Kitchen knife sets tend to include a chef’s knife, a paring knife and a serrated knife. These are generally sufficient for accomplishing most food preparation tasks. However, a boning knife is a very useful addition. As the name suggests it’s especially handy for cutting joints of meat but there are other jobs where it proves invaluable too. In this article we talk you through the main uses of a boning knife, and what to look for in a good one, as well as how best to use and care for it.
Features of a boning knife
A good boning knife will have a thin and slender blade between 5 and 7 inches long. The narrowness of the blade makes it easier to manoeuvre when absolute precision is required. It will have a flat cutting edge (not serrated) that curves up to a tapered tip – the sharp point is perfect for penetrating skin and flesh with ease. The handle will feature a diagonal bolster. This guards your fingers from the sharp blade and enables you to hold it in a pinch grip.
Boning knife vs filleting knife
There’s actually not much to choose between them. A filleting knife has a flexible blade and is used for pulling skin away from meat or fish. It’s especially good for fiddly jobs like working around the bones of a fish or separating seafood from a shell. A boning knife, however, tends to have a stiffer blade, but can have some flexibility – it can accomplish most of the same tasks as a filleting knife and some boning knives are specifically designed with both roles in mind.
What to look for in a quality boning knife
Although a boning knife is relatively small it should be quite heavy – this is a sign that it is made from quality materials. Also look for a full tang, where the steel runs all the way down through the handle to the base of the knife. It should also feel nicely balanced in the hand – you don’t want most of the weight in the blade.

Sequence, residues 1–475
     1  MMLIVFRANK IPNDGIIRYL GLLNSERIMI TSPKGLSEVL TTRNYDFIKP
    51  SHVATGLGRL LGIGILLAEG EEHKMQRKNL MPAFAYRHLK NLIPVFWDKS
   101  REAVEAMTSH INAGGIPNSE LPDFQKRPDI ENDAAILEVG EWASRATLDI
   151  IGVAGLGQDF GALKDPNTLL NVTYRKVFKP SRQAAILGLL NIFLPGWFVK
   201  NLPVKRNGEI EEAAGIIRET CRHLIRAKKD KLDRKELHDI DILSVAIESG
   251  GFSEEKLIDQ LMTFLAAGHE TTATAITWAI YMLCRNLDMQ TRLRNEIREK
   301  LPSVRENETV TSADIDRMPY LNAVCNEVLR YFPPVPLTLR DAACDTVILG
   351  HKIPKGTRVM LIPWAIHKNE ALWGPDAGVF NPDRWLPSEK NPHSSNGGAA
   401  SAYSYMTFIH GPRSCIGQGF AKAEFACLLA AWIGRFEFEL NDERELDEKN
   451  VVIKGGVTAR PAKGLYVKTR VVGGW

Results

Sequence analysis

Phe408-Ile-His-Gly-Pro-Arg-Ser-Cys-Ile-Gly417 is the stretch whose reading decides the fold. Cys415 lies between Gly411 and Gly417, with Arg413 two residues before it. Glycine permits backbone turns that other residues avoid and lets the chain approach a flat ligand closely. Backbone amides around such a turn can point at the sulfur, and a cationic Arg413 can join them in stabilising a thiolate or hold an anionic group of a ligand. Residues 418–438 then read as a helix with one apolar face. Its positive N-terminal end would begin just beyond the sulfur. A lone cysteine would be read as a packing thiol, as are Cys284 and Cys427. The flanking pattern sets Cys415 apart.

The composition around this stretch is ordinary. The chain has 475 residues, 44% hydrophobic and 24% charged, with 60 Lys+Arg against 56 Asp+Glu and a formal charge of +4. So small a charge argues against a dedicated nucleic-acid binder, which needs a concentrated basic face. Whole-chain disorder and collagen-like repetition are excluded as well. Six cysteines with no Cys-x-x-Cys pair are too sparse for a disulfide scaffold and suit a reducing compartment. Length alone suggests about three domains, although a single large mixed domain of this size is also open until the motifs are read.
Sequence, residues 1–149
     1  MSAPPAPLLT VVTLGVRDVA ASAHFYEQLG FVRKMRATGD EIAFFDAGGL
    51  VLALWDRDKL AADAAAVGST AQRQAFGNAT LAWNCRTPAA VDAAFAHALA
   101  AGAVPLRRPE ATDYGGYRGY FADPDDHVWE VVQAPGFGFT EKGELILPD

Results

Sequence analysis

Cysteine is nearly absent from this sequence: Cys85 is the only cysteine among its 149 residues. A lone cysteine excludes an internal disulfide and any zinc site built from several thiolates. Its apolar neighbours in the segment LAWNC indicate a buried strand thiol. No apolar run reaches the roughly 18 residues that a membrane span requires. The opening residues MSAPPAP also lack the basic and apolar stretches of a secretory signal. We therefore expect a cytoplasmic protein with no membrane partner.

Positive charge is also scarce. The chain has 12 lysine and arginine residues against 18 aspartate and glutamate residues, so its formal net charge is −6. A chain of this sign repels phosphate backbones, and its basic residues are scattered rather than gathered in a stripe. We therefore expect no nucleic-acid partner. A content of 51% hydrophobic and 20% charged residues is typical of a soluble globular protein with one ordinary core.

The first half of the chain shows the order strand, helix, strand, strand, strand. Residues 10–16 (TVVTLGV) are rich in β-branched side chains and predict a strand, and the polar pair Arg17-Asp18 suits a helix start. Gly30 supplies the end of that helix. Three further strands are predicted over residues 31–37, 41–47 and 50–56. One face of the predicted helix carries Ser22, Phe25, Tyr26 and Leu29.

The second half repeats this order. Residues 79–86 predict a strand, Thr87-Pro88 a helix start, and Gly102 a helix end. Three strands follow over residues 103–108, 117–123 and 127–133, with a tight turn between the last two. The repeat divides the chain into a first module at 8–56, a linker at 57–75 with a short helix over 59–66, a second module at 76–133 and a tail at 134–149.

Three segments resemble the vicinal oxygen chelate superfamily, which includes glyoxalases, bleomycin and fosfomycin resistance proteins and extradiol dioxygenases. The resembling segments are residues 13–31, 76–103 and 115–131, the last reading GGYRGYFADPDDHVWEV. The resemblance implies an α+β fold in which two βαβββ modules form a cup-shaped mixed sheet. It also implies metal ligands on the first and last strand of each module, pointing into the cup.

How to use a boning knife
To handle a boning knife correctly you have to appreciate the importance of grip. There are two different ways to grip a boning knife. You can wrap all of your fingers around the handle and grasp it firmly. Or you can use the “pinch grip” (sometimes referred to as the “blade grip”). This involves pinching the blade between your thumb and forefinger with the rest of your fingers wrapped comfortably around the handle – it gives you greater control and is used when you need to achieve greater precision. For more information about the pinch grip read our earlier article.
Using a boning knife to prepare meat
A boning knife is the go-to knife for preparing meat. The shape of the blade allows you to manoeuvre around bones while the sharp tip is great to braking up cartilage in joints. It’s especially good for jointing a whole chicken (see our article explaining how to do this) but it’s also great for carving chicken or turkey meat away from the bones.
A boning knife is also ideal for peeling the skin or fat off joints of meat like rack of lamb or fillet of pork. Peeling the skin off fish is also a task that can be accomplished with a boning knife.